From The Straits Times    |


I’m no Taylor Swift, so why would anyone create a deepfake pornographic video or photo of me?

That is what most of us regular women would think when confronted with the topic of generative artificial intelligence (AI) and deepfake technology. It would be, like the title of Taylor’s famous hit, something that could only happen in our wildest dreams. Yet there has been a growing number of reported cases where women, especially younger women, find themselves the subject of such explicit content.

In New Jersey, a 15-year-old girl discovered that there were nude images of herself created using an AI application, and distributed to others on social media. According to a lawsuit filed in February this year, the girl accepted an Instagram friend request from a male classmate, who then downloaded a fully clothed photo of the girl that he used to generate those images. The male classmate is believed to have used a programme called Clothesoff to create the nude images.

The truth is that you don’t have to be a celebrity to be a victim. Anyone can be a target of pornographic deepfakes, but women are undeniably among the most vulnerable groups.

Revenge porn, for instance, is a form of digital abuse or online harm that is made easier for perpetrators by technological advancements. It is not easy for one to tell that the hyperrealistic sexually explicit images or videos are generated by AI, and the consequences of having such content distributed online may be irreparable. Apart from posing risks to the victim’s personal privacy, reputation, mental/emotional health, and safety, having such content on the Internet also perpetuates harmful stereotypes in society.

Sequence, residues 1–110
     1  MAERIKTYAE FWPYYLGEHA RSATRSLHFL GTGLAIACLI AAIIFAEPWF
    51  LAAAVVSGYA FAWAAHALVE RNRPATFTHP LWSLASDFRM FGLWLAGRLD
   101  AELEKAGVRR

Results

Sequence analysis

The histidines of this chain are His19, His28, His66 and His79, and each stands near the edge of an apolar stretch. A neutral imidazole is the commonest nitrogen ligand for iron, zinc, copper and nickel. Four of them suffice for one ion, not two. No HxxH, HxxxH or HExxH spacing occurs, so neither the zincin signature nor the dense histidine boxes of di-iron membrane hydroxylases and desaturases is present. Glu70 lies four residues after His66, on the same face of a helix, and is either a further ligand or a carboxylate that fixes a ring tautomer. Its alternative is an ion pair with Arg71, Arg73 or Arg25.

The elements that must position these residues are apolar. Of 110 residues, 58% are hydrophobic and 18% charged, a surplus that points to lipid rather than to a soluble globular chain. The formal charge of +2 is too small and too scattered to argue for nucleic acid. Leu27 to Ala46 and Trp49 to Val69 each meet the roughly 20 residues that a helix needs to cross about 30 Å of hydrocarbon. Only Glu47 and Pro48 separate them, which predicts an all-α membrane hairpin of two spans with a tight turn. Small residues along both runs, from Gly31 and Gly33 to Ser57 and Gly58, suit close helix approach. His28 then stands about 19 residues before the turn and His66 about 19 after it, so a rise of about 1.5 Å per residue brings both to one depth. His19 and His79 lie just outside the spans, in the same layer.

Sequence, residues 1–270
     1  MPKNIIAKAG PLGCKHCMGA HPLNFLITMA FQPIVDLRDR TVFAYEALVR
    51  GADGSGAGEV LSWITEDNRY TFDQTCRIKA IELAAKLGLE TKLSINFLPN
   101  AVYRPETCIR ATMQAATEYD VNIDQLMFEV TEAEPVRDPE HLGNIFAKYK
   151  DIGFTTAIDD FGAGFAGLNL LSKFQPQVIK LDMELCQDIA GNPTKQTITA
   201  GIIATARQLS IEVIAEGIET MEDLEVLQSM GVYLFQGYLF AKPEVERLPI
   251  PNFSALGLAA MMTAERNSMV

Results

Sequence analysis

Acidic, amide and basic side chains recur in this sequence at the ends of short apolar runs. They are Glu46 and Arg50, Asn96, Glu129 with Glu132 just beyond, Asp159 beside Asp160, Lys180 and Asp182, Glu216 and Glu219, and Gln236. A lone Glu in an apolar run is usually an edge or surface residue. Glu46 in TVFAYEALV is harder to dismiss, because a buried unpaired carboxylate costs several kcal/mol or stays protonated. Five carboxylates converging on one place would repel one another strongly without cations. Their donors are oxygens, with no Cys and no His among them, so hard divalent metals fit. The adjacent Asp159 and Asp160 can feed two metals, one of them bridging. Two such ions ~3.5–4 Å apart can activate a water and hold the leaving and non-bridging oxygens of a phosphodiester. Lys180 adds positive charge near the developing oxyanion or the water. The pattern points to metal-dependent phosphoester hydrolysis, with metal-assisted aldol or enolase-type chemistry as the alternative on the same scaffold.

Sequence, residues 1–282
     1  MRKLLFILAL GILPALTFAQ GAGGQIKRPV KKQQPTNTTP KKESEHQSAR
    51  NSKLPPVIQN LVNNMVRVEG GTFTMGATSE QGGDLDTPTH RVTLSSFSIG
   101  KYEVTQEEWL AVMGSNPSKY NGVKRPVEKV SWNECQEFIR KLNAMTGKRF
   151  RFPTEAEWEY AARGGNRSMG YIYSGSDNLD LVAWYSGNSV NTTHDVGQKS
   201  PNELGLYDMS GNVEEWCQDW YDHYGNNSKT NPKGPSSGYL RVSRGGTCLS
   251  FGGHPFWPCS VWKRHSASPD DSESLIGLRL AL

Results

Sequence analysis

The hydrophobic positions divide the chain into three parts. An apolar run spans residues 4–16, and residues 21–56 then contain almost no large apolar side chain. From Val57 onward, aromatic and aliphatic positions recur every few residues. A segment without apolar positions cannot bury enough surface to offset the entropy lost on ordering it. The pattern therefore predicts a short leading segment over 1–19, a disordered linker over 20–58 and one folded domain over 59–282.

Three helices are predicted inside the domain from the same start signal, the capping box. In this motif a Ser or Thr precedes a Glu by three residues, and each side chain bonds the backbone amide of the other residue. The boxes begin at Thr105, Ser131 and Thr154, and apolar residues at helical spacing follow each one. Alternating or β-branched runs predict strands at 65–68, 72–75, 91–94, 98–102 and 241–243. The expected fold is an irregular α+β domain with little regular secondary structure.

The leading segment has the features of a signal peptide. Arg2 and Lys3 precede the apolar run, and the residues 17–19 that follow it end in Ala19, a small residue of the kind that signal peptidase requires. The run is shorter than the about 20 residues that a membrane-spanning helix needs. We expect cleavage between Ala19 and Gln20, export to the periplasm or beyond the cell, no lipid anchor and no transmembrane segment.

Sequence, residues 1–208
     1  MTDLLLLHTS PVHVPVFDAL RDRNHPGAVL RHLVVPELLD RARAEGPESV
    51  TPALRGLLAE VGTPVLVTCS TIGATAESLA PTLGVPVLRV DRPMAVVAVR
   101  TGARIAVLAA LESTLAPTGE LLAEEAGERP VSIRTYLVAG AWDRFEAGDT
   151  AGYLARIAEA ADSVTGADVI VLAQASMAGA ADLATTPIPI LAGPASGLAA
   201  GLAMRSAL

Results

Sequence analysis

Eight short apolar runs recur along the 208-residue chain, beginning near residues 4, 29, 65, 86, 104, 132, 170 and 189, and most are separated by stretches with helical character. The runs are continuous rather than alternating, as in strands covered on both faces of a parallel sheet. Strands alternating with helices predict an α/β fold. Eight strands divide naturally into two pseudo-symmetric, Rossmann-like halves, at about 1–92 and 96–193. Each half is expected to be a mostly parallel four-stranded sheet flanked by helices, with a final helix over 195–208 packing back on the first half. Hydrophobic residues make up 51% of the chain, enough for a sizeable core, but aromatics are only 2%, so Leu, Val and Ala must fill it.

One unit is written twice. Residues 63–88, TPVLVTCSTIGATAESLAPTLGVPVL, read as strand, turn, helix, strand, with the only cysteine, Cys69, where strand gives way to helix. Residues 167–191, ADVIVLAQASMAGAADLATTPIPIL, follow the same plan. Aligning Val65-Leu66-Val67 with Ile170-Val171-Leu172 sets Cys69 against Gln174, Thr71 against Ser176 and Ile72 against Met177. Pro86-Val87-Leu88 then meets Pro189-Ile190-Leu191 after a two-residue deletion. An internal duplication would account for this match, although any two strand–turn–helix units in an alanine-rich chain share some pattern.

Dealing with deepfakes

If you find yourself targeted by a deepfake, immediate action is crucial. Firstly, don’t panic! Reach out to trusted family or friends for support. Document the fake content, and gather evidence by taking screenshots or recordings to report the incident. Most social media platforms have policies against non-consensual intimate imagery and impersonation, so reporting to the platforms and requesting for a takedown is essential.

You should also lodge a police report. Finally, seek advice from a lawyer or advocacy organisations specialising in online harassment and privacy rights. Shecares@SCWO is a local support centre for targets of online harms. You can reach out to them for counselling services and pro bono legal assistance. On the legal remedies in Singapore, while laws and policies exist to address cybercrimes, including revenge porn and harassment, the enforcement of these laws in the context of deepfakes remains a challenge.

The Protection from Harassment Act 2014 (POHA) that criminalises cases of stalking and harassment may not always capture instances of deepfakes, given the specific requirements to prove an offence under the Act. One type of offence is based on the perpetrators having the “intent to cause harassment, alarm or distress”, and this may be even more difficult to prove when the perpetrators are often anonymous.